John Stuart Mill And Bernard Williams Essay

John Stuart Mill And Bernard Williams Essay

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Utilitarianism is a difficult topic to fathom, for it requires a large amount of questions and self-evaluation. In order to understand utilitarianism, think of bad versus bad. A principle stating that when one is faced with two difficult decisions, which choice would be less harmful for all of those involved? John Stuart Mill and Bernard Williams describe utilitarianism as pain versus pleasure or the lesser of two evils approach, and how that approach ties into ones ultimate choice. Utilitarianism is not about the pursuit of happiness, rather, it is really about picking which evil is the best evil.
Immanuel Kant provides us with a different outlook on moral problems. Kant describes human beings as having desires and appetites who are rationale and capable of knowing right from wrong. When faced with a dilemma one must weight the balance between right and wrong through universal law. If a solution to the dilemma were not capable of being applied to all using the same rationale this would go against universal law and therefore be a wrong solution morally.
Next we review the dilemma of a single mother with four children. In order to support her children she is receiving welfare and having difficulty making ends meet. This mother receives a proposition from a childless farmer that has offered to adopt her twelve-year-old son for companionship and help with the work on the farm. The farmer will pay the mother $50,000 if she permits the adoption. In this scenario the mother and her other three children will benefit because the money will allow her to get off welfare, go back to school, and learn a profession so she can be self-supporting, and the twelve-year-old boy will benefit because his lifestyle will improve substantially and ...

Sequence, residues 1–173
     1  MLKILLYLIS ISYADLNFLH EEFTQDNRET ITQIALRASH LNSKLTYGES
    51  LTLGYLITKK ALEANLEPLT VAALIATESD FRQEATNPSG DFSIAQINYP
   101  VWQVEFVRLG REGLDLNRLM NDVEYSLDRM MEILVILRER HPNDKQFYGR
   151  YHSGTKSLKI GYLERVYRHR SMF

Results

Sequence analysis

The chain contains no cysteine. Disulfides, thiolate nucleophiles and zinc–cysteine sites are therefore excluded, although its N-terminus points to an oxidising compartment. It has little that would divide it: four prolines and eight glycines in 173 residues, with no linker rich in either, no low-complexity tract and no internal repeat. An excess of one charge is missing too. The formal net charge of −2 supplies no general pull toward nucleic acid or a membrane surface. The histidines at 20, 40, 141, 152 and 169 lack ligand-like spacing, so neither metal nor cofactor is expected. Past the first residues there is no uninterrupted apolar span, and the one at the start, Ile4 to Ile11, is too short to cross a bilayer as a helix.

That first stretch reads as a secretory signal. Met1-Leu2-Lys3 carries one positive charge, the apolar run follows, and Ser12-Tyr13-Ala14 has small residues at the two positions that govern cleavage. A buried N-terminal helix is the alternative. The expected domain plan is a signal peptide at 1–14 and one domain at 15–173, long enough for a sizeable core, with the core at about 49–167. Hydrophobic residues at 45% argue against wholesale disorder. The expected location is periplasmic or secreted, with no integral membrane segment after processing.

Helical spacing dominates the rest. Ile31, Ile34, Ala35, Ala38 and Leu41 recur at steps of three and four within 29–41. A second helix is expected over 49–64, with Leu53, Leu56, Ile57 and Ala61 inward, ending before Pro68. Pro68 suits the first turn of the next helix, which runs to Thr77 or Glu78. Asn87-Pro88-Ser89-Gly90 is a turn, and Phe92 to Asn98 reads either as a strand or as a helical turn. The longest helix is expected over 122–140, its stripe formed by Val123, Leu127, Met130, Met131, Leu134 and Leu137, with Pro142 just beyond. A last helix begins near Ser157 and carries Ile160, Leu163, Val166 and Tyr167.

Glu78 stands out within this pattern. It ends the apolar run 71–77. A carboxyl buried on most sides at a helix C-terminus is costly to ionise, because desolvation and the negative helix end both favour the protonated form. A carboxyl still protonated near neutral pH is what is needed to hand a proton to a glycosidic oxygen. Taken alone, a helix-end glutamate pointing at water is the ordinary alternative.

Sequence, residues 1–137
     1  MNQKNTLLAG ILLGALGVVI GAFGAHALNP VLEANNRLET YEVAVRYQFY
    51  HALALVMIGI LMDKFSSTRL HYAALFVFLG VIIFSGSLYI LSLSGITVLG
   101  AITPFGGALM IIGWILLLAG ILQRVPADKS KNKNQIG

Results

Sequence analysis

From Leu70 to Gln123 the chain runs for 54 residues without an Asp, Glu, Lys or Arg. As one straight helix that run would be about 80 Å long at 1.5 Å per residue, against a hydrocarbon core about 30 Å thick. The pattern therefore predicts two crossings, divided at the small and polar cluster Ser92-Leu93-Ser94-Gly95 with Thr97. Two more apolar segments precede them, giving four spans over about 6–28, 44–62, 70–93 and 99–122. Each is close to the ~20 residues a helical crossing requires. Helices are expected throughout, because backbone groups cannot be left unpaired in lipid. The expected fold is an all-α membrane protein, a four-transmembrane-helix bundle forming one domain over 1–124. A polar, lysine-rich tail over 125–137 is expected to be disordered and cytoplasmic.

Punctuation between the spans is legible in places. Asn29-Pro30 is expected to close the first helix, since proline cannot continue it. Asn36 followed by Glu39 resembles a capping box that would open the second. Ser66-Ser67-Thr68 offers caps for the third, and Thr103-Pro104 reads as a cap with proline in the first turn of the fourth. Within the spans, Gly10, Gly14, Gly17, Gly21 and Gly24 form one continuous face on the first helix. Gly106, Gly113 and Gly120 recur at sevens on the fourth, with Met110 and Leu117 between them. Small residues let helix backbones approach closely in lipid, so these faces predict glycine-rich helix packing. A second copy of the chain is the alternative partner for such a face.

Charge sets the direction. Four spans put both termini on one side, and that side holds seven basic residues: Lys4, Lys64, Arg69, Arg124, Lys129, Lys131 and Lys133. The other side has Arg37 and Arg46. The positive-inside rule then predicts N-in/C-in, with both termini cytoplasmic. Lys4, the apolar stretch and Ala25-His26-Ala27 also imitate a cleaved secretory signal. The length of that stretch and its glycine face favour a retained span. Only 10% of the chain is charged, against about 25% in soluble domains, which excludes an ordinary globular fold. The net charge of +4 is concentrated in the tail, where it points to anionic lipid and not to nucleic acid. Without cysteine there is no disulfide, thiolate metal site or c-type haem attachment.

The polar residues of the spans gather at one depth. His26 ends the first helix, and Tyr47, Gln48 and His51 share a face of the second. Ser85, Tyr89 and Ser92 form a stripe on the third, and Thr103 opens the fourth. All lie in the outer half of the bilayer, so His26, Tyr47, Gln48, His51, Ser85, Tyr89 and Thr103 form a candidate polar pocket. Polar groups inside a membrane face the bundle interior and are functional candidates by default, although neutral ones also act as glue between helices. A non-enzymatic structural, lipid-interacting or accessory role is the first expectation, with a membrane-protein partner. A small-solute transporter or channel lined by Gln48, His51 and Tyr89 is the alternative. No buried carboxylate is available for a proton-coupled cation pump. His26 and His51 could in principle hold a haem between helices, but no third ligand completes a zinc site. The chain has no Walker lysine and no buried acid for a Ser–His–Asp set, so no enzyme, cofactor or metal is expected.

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...e would this work expectation be in balance to other needs of the boy, including and not limited to school, extra curricular activates etc. Would continued contact be allowed or would they be severed forever? Would the mother be allowed to see the boy? How is the importance of family weighed? What is the importance of a mother?
When placing myself in the scenario of this mother, I believe I would find myself agreeing with the viewpoint of Kant, and that if the law is to be morally valued as a ground of obligation it must carry with it absolute necessity. As difficult as it would be to pass up the opportunity to better your child’s life, I find that it is equally if not more important for family to stick together, even when times are tough. Especially when there are so many questions without complete thorough answers regarding your children’s life and well-being.

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